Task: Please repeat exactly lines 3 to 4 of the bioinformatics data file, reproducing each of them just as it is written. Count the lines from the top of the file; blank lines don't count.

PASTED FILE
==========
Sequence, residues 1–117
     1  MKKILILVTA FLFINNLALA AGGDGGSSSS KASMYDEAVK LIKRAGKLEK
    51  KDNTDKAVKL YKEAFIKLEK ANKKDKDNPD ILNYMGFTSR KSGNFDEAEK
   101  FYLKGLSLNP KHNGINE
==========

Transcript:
    51  KDNTDKAVKL YKEAFIKLEK ANKKDKDNPD ILNYMGFTSR KSGNFDEAEK
   101  FYLKGLSLNP KHNGINE